Figure 1
figure 1

Illegal fishing estimates for 20 Chilean fisheries. (A) Mean raw scores (nominal, 1–5) as reported by fishery enforcement officers. (B) Predicted estimates from a mixed model with respondent as a random factor. (C) Predicted estimates from a mixed model with respondent as a random factor, while also controlling for self-reported experience for each fishery. For (B) and (C), Peruvian calico scallop is the reference fishery, which also has the lowest mean raw IUU score. Error bars are 95% confidence intervals.

There was a negative relationship between respondent experience and his or her score for each fishery. This effect was statistically significant based on a single term linear regression on the residuals from the mixed effects model (Table S2). Thus, we incorporated experience scores as a predictor in the model, which significantly improved model performance (Tables S2, S3). The best approach for incorporating respondent experience was to transform the scores to a linear numerical value, as there was no predictive advantage in treating experience as a categorical or ordinal factor (Table S3). This is likely due to the relatively even spacing of the experience categories, which makes a linear approximation relatively accurate and requires less parameters. After accounting for respondent experience, two of the thirteen predicted IUU estimates were no longer significantly different from the reference fishery: Chilean sea urchin (Loxechinus albus) and skates (Fig. 1c). This result suggests that their marginal effects were in part due to the difference in experience among respondents. One fishery, southern hake, had a higher predicted estimate after respondent experience was included in the model.

Fishery profiles

We elicited additional information from respondents on four fisheries that are of particular interest in Chile with respect to illegal activity. For all four fisheries, > 60% of enforcement officers reported that the percentage of total landings that are illegal is greater than 20%, with the most common score being 20–50% for all four fisheries (Fig. S1). Following the model performance from the estimates for the overall illegal activity, we adopted the same model to estimate specific illegal activities, infrastructure, and stakeholders for the focal fisheries: a mixed model with respondent as a random factor and controlling for self-reported experience. The distributions of respondents' experience across the four fisheries were similar. Thus, we standardized activity, infrastructure, and stakeholder scores with a model that included the median experience score (i.e., 4) across the four fisheries. Doing so allows for the comparison of scores across fisheries and different estimate types (e.g., infrastructure versus stakeholders). While industrial fisheries do not exist for Chilean abalone and kelp, estimates for small-scale sector where higher for both species of hake across all illegal activities compared to the industrial sector (Fig. 2). Within the small-scale sector, south Pacific hake had higher estimates for some illegal activities compared to southern hake (i.e., season, size, and transshipping). Illegal activities connected to quota, port, and season had high estimates for Chilean abalone, as well as for kelp (Fig. 2). With respect to stakeholders and infrastructure, there were also differences across the four fisheries. Fishers had high estimates across all fisheries, as did buyers. Restaurateurs had high estimates for Chilean abalone, while processors had high estimates for kelp (Fig. 2). Similarly, fishing boats, markets, and restaurants had high estimates for Chilean abalone, while fishing boats, processing plants, and export vehicles had high estimates for kelp. Fishing boats, trucks, and markets estimates were higher for south Pacific hake compared to southern hake (Fig. 2).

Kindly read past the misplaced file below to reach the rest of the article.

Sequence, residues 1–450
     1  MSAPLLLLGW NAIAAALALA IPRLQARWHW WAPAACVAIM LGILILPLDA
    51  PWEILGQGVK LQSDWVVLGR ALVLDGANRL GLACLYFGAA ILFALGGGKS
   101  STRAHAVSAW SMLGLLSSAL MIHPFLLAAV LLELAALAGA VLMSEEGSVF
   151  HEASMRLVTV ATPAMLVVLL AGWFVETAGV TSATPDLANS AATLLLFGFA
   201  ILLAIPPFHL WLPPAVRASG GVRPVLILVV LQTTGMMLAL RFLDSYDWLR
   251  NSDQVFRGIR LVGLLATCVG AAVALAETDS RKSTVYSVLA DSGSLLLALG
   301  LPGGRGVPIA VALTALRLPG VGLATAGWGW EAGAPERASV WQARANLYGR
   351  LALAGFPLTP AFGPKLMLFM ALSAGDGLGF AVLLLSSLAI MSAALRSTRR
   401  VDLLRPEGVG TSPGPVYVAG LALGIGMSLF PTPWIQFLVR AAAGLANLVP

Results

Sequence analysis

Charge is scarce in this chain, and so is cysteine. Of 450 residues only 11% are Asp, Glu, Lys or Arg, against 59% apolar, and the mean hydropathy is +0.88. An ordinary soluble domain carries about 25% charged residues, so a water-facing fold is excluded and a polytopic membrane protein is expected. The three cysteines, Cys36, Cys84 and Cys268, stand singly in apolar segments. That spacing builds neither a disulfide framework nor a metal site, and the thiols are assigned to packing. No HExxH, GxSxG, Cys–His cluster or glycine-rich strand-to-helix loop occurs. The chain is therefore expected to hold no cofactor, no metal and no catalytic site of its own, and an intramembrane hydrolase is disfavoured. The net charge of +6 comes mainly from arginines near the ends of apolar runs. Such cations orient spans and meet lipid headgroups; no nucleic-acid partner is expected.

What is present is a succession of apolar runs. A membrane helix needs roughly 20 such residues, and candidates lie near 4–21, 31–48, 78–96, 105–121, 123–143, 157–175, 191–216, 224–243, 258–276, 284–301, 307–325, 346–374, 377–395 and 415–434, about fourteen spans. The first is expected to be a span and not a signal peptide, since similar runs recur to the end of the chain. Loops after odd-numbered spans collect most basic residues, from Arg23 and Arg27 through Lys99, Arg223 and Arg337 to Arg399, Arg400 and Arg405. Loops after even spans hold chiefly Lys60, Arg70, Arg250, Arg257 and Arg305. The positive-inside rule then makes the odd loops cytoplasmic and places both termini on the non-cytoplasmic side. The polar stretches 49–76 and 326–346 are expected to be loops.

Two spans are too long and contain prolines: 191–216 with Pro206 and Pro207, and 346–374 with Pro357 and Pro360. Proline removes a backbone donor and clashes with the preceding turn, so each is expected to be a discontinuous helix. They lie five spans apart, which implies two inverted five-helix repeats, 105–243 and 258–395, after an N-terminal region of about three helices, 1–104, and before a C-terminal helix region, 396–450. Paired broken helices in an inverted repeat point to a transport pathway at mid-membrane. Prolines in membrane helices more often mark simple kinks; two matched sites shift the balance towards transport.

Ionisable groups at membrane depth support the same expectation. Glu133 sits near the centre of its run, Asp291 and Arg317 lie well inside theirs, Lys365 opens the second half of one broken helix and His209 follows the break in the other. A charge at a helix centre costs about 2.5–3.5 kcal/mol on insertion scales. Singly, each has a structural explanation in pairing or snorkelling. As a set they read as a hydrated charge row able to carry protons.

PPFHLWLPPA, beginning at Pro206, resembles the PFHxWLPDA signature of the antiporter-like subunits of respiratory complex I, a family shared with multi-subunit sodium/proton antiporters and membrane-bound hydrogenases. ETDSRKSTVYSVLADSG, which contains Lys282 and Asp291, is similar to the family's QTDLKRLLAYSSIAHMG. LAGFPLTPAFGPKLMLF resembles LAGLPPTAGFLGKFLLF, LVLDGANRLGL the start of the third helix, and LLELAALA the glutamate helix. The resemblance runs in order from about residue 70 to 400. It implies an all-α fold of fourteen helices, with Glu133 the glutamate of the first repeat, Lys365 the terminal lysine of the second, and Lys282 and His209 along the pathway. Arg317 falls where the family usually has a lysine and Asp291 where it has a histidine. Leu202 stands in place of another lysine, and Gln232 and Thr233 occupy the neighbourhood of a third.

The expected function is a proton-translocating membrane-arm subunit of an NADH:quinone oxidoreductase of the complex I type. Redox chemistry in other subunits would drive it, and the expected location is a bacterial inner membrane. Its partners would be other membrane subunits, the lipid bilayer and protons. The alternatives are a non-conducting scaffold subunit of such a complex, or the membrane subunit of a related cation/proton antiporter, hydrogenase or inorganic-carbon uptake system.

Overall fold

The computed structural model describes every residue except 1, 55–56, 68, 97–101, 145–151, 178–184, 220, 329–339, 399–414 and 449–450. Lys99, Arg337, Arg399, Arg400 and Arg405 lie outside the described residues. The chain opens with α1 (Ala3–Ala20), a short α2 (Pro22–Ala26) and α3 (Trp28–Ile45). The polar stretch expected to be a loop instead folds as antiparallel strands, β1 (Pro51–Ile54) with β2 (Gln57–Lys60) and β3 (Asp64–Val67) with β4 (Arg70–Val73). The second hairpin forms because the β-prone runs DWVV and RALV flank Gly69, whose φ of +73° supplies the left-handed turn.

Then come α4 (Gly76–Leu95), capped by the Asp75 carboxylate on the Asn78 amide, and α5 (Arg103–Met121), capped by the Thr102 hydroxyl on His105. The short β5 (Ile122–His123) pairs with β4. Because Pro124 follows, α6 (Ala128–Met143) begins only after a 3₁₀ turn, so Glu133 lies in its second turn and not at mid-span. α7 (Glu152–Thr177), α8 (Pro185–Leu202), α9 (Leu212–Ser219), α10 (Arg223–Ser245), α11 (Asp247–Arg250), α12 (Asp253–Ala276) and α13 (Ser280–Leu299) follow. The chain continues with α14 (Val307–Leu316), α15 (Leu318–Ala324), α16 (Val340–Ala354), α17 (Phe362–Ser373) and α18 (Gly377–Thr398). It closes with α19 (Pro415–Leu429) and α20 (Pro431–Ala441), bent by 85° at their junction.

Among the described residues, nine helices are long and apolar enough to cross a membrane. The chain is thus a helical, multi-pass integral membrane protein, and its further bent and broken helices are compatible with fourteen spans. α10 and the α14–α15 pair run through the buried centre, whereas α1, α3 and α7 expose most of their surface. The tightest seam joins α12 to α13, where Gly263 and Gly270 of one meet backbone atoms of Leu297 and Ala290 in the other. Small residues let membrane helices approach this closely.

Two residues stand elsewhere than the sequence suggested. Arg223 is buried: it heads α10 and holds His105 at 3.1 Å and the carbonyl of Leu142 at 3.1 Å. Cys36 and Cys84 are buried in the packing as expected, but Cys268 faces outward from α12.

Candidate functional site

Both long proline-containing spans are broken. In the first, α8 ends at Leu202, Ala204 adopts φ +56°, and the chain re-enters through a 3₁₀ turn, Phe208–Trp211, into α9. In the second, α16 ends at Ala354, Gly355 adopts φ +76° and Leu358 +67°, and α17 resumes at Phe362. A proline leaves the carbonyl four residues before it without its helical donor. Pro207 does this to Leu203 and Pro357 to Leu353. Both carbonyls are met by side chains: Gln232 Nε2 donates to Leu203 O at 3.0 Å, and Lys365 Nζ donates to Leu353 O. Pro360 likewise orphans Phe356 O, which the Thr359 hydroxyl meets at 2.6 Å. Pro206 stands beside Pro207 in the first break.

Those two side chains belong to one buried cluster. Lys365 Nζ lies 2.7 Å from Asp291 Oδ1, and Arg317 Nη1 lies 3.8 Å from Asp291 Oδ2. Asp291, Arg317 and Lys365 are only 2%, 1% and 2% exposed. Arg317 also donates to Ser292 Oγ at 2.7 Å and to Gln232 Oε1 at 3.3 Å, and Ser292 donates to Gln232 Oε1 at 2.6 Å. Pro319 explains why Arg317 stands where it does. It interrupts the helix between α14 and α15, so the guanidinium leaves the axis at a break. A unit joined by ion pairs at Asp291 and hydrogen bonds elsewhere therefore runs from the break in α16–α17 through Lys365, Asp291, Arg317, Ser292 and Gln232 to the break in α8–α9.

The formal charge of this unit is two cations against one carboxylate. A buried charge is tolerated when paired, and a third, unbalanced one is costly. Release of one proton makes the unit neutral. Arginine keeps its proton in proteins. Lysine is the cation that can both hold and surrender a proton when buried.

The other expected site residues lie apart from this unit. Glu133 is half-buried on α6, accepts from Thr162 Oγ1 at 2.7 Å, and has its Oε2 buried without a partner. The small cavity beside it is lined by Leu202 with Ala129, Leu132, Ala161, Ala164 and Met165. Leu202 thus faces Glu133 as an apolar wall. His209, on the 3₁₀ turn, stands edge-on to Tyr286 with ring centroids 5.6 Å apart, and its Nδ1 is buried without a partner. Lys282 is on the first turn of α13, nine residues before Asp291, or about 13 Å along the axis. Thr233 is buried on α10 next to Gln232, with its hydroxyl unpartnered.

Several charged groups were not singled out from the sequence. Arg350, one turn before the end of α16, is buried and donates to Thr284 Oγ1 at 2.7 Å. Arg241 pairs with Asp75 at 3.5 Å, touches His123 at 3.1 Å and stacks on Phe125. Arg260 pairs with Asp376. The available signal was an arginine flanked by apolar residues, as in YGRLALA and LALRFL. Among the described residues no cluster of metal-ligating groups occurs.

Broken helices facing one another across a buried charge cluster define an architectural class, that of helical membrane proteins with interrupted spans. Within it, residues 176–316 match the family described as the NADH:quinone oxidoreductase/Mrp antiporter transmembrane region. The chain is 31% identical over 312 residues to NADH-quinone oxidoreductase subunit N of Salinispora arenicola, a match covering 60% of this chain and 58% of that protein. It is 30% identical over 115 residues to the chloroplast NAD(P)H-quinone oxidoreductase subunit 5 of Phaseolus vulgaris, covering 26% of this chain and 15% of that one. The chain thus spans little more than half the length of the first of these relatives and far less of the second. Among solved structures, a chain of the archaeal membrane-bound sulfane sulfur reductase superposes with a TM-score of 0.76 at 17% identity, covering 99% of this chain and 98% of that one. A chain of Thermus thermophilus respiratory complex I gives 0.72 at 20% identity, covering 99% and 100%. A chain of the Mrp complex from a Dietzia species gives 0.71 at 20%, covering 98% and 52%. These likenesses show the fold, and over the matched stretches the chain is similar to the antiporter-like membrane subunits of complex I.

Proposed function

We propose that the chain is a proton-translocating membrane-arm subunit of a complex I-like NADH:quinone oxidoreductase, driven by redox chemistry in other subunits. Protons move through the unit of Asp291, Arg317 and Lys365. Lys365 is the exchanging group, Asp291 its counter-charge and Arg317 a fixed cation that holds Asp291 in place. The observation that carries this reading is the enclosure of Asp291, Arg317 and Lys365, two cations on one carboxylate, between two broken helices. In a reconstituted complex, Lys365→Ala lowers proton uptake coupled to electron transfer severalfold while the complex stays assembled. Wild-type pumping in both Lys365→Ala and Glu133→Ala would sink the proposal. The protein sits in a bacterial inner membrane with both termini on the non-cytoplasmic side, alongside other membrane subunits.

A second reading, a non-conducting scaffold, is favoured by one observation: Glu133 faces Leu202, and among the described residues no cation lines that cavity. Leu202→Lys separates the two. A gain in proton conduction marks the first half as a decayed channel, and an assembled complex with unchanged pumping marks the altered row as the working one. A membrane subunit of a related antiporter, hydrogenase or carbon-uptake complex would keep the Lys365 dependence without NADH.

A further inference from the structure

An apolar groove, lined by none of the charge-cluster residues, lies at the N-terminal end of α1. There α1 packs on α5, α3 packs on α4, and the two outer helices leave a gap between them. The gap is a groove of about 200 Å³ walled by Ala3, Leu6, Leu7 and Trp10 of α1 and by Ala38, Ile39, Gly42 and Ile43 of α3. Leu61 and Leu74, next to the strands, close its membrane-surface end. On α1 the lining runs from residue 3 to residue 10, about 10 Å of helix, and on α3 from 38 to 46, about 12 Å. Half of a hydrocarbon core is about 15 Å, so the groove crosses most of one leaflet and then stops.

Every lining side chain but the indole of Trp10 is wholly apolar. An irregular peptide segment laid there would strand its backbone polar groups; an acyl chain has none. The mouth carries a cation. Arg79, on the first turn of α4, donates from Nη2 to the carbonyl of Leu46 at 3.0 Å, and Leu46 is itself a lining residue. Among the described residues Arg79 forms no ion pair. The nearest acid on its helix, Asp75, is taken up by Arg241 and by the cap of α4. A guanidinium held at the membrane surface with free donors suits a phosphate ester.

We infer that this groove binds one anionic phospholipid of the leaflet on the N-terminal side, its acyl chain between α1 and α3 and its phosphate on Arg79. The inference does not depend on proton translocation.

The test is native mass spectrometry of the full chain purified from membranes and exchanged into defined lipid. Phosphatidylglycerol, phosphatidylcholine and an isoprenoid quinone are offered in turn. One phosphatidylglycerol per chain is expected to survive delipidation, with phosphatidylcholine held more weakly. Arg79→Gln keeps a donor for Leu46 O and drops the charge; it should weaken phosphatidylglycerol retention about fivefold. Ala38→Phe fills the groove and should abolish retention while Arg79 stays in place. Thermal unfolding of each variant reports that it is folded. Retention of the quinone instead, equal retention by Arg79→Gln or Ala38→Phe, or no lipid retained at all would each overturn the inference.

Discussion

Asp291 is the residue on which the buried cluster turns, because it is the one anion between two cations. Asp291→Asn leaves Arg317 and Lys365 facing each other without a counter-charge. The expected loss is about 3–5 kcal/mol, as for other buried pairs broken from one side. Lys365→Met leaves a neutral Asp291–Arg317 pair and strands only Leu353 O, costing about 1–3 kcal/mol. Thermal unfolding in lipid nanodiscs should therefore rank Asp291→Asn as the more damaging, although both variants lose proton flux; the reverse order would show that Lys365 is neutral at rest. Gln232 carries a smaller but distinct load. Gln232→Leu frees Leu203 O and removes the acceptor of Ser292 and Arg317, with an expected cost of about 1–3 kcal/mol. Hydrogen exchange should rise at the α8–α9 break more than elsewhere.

Figure 2
figure 2

Fishery profiles of four Chilean fisheries: south Pacific hake (blue), southern hake (orange), Chilean abalone (red), and kelp (green). Predicted median estimates of the level of illegality in industrial sector activity, small-scale sector activity, stakeholders, and infrastructure. Industrial fishing does not exist for Chilean abalone and kelp. Predicted medians are from a Bayesian cumulative multinomial logit model for each of the four focal fisheries. The entire posterior distributions of the model results are shown in Figs. S2S5.

Principal component analysis

The PCA analysis of the model results from the fishery profiles provides insights into the Chilean IUU landscape. The first two dimensions explained 72% of variability in the data, with the first dimension explaining > 53% (Fig. 3). All four focal fisheries were strongly positively correlated with the first dimension (r > 0.68; Table S4), meaning that they all had high scores for the factors on the right, intermediate scores for factors close to the center of the coordinates and low scores for factors on the left (Fig. 3). All four fisheries contributed to the first dimension, with Chilean abalone contributing the most (Fig. S6). Stakeholders and infrastructure with the highest scores for the four fisheries included fishers, purchasers, and fishing boats. All industrial activities had low scores for the four fisheries, while illegal small-scale activities related to landing port, quota, and season had high scores. Kelp and southern hake contributed the most to the second dimension (Fig. S6), with the former positively correlated (r = 0.7) and the latter negatively correlated (r = − 0.50; Table S4). Kelp is associated with higher estimates for exporters and export vehicles, along with processors and processing plants. In contrast, southern hake is associated with higher estimates for restaurateurs, restaurants, markets, and refrigeration trucks (Fig. 3).